Would it not be a good idea for the Government, when they refer to ever closer union, to quote the phrase correctly? It is the ever closer union of peoples. It has never been a legal or an institutional matter. On Greece, I am sure that the Government have given some thought to what follows, or what might follow, from the referendum on Sunday. Presumably, if the vote is no, Greece will continue down the tube of bankruptcy, and no doubt leave the euro, have high inflation and so forth. If the vote is yes, will the package, which was so petulantly rejected by Mr Tsipras the other day, be revived and be on offer to a new Greek Government? Will our Government use their influence with our eurozone partners and the IMF to urge them to adopt that cause?

My Lords, I do not think that the package is a matter for this Government. We would certainly take into account what would happen after the referendum, which of course is a Greek choice, but it is for the eurozone to decide what package is given to its members.

As for the ever closer union of peoples, the point is that when you have one currency, you need to have closer political union to make that one currency work. If you do not have that, you end up having some of the problems that we are seeing.

My Lords, given that the German Finance Minister only a month ago suggested that a referendum on the package might be appropriate, is it really acceptable that the package should be withdrawn the moment the Greek Government announce that they are going to have a referendum on whether the people should accept it? What exactly are the Greek people voting on if the package has been snatched away? When the Minister refers to the loan to the IMF being in arrears, will he explain the difference between being in arrears and being in default?

As regards the arrears, I was merely repeating the official nomenclature of the IMF. I would not comment on the precise meaning of the IMF vocabulary, but it is true that it refers to being in arrears. If that was the case, Greece would join Zimabwe, Somalia and the Sudan. On the referendum, the negotiations are coming to an end because, despite what the German Finance Minister said, if you are to have a sensible negotiation, you need to have willingness on both sides to compromise. Walking out instead of taking the decisions that are needed, and turning around without any warning and instituting a referendum, is not the way to get proper negotiations and to achieve success.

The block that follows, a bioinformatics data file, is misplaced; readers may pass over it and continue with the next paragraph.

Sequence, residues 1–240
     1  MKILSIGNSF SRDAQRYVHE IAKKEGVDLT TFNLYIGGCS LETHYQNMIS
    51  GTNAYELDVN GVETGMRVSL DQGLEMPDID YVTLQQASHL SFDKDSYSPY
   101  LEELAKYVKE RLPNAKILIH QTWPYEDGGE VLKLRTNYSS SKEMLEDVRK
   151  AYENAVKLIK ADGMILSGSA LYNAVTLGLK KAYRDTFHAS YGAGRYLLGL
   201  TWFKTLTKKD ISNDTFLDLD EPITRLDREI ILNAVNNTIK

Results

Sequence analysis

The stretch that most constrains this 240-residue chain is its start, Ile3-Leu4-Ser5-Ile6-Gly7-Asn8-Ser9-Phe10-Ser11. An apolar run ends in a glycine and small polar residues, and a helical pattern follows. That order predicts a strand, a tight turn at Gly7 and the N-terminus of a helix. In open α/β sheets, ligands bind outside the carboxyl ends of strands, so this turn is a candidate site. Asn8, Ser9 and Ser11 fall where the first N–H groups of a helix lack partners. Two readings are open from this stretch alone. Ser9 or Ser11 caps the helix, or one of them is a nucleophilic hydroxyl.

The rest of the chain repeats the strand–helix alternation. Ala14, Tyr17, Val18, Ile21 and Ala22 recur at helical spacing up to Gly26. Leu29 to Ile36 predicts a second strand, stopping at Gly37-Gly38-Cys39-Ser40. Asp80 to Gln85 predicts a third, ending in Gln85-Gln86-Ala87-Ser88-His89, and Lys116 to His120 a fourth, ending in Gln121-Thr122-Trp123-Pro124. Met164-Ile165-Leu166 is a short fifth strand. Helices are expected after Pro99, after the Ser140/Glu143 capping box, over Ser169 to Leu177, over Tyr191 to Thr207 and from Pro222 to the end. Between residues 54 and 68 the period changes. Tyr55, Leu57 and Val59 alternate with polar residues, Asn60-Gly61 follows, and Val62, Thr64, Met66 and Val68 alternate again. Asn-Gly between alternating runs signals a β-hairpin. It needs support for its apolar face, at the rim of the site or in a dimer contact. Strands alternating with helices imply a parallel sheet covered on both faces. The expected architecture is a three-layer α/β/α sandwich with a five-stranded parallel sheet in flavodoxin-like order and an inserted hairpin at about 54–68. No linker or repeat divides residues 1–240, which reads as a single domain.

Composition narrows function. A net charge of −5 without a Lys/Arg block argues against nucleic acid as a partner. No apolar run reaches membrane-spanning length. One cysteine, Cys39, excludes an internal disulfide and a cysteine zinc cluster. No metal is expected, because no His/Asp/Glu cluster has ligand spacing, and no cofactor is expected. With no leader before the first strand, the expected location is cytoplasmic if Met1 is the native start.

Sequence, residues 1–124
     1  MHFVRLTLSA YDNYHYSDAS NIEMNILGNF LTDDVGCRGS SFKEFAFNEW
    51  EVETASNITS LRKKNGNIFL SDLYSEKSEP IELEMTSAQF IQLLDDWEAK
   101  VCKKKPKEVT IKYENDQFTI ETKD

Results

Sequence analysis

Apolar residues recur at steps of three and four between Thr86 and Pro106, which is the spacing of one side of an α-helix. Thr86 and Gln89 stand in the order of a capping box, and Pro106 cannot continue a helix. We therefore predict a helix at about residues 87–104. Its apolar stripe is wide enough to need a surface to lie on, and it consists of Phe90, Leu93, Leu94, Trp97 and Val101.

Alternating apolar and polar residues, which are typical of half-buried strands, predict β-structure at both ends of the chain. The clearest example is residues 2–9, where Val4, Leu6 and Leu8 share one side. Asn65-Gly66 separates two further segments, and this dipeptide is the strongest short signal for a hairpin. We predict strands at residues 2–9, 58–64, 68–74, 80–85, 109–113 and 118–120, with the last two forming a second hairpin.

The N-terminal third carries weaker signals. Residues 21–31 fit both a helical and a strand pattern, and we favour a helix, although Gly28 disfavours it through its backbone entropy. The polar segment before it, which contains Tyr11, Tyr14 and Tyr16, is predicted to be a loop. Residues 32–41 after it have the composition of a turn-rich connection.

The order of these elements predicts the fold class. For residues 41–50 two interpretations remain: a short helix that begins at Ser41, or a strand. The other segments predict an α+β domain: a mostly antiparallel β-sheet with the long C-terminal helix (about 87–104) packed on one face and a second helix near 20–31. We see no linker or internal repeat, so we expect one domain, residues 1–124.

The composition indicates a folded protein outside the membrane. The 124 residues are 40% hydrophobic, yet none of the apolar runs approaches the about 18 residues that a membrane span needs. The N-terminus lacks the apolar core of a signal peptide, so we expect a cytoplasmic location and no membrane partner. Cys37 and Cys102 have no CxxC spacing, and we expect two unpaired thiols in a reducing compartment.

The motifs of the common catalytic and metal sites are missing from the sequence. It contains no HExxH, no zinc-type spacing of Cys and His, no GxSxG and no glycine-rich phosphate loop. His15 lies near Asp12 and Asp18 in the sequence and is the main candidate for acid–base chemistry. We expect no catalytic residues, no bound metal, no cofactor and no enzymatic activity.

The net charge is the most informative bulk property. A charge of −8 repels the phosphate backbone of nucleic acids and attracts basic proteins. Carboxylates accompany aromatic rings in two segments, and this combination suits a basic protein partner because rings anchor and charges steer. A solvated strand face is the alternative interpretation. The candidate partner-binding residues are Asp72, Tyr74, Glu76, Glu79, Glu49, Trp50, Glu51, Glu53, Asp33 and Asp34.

My Lords, is not one of the difficulties of the analysis that people assume that something follows on from having a referendum, which of course must be nonsense? It is not a logically connected piece of analysis. There can be all sorts of scenarios from where we are now, but Angela Merkel has said that the referendum question is simply, “Do you want the euro? If so, vote yes. If you want the drachma, vote no”. Can it be as simple as that? Are there not a number of scenarios that could follow, and should we not be thinking through a number of them, otherwise the schizophrenia in this debate about whether a referendum is a bright idea has not been followed up by thinking through the policy scenarios?

Montenegro is just up the road from Greece. It is a member of the United Nations and a singing and dancing country. It uses the euro without permission from Frankfurt. It is not obvious to me exactly what the connection is between the way the referendum is posed and the scenarios that follow.